level lifetime—which, in the case of the H2 laser operating on
transitions of the VUV Lyman bands of molecular hydrogen
around 160 nm, implies rise-time requirements that are even
faster than those of the N2 laser.
In 1926, James Franck of the University of Göttingen,
Germany, suggested that, because the masses of the nuclei of
a diatomic molecule are so much larger than the mass of an
electron, the instantaneous positions of the vibrating nuclei
cannot be significantly affected when an electron changes from
one excited state to another by absorbing or emitting a photon.
Thus, electronic transitions can be represented as vertical lines
on a diagram of potential energy vs. internuclear separation.
Within a few weeks, Franck’s principle was put on a sound
quantum mechanical basis by Edward Condon of the University of California, Berkeley. He showed that, in addition, the
most probable transitions occur at internuclear separations for
which the overlap between the vibrational wavefunctions of
the upper and lower level is maximized. This is known as the
When a fast moving electron impacts a molecule, the probability of excitation mirrors the optical transition probability.
Thus, to a first approximation, electron impact excitation
conforms to the Frank-Condon principle. As suggested by
Bazhulin and colleagues at the Lebedev Institute in Moscow,
a scheme based on the Frank-Condon loop can be used to cre-
ate transient population inversion in molecular gases. To illus-
trate this scheme in the case of H2, high-energy electrons in
the discharge preferentially excite H2 molecules in the ground
vibrational level (y0 = 0) of the ground electronic level X1S+g
to vibrational levels (y9 = 4–8) of the electronic level B1S+u.
The selective excitation produces short-lived inversions with
respect to excited vibrational levels (y0 = 11-14) of the ground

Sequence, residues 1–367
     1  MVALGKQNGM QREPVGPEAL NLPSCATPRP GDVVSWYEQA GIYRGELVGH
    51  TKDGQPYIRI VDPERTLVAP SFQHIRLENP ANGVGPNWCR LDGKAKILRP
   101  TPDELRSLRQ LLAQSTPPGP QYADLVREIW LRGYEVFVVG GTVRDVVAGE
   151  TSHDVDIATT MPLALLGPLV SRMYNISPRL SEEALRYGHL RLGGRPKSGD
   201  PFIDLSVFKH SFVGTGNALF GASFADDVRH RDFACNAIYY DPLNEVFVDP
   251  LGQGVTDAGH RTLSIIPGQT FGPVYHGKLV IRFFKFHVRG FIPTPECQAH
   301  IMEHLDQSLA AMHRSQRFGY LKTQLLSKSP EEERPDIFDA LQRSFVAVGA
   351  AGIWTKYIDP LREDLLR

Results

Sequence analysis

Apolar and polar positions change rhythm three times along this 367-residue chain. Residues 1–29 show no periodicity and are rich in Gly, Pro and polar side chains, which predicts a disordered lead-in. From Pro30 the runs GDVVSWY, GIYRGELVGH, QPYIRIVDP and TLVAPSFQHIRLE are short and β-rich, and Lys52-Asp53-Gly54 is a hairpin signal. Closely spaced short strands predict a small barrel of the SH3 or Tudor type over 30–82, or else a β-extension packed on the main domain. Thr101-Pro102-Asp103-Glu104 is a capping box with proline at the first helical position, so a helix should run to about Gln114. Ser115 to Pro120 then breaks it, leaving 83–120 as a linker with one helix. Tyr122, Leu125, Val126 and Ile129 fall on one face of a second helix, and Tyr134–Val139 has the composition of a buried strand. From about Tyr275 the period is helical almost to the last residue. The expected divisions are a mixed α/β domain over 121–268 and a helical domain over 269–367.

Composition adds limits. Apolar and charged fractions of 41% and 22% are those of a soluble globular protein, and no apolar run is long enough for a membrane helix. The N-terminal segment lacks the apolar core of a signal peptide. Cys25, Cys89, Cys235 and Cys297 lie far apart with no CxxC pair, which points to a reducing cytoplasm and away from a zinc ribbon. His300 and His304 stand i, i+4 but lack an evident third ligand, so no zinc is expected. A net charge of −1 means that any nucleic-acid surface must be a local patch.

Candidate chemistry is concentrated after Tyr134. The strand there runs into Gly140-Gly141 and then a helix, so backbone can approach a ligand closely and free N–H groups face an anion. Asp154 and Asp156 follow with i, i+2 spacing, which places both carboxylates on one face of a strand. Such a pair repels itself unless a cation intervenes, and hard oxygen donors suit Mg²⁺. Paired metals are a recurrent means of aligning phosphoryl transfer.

electronic level, which are themselves far too high in energy to
be populated at thermal energies. On much longer timescales,
the population in these states eventually returns to the ground
state by thermal collisions before the start of
the next discharge, thus completing a “loop”
in the energy diagram.
In 1970, R. T. Hodgson at the IBM Watson
Research Center first demonstrated VUV
laser action in H2. He observed oscillation
on several transitions in the Lyman bands
around 160 nm. This was followed in 1971
by Waynant’s observation of oscillation on two
transitions of the Werner bands at 116 and
123 nm using a traveling wave Blumlein
excitation circuitry developed by Waynant,
Shipman and colleagues at NRL Washington.
The molecular hydrogen lasers provided
early evidence that gas lasers would be possible in short wavelength regions of the
spectrum where most solid-state materials
have limited optical transmission. Despite
that, these systems never seem to have been
laser at the
Piper and Webb circa 1973
The breakdown voltage of molecular gases at the pressures
needed for laser operation tends to be much higher than in
low-pressure atomic gases. For this reason, the discharge in the
N2 laser runs transversely across the width of the active volume
rather than along its length. A capacitor bank charged to many
tens of kilovolts and switched by a triggered spark gap (or, in
more sophisticated devices, a thyratron) discharges its energy
into the nitrogen at pressures from a few Torr to one atmosphere in a current pulse—which rises to several kiloamperes
within 50 ns or less.
The output of the laser comprises a
pulse that lasts some 10 ns for the lowest
N2 pressures or less than 1 ns in the case
of atmospheric pressure operation. Whatever the pressure, however, the vibrational
states of the lower laser level have no way
to get rid of the population in timescales
of interest, and the laser pulse is therefore
self-terminating; longer excitation pulses
do not result in longer laser pulses.
Self-terminating VUV lasers—
The Franck-Condon Loop
This self-terminating feature is shared
by many important gas laser systems,
where the lower laser level is long-lived.
It limits pulse length to about the upper-
by Bazhulin and
colleagues at the
in Moscow, a
scheme based on
loop can be used
to create transient
in molecular gases.
22 | OPN Optics & Photonics News